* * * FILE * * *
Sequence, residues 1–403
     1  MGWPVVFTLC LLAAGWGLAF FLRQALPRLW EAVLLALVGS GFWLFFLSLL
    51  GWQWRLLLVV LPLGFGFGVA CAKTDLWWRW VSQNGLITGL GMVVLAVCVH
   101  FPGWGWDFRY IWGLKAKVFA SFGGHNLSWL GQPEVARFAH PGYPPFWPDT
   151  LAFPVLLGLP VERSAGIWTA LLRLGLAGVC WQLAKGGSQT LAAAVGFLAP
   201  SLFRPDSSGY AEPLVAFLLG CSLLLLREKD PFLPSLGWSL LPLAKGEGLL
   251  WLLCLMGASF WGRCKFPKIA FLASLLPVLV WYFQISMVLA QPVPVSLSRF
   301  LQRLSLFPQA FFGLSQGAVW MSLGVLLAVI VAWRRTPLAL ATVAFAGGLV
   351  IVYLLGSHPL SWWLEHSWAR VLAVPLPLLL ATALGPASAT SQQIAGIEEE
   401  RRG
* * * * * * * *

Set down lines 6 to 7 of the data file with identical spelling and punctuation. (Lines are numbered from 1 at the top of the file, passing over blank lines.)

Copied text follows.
   201  SLFRPDSSGY AEPLVAFLLG CSLLLLREKD PFLPSLGWSL LPLAKGEGLL
   251  WLLCLMGASF WGRCKFPKIA FLASLLPVLV WYFQISMVLA QPVPVSLSRF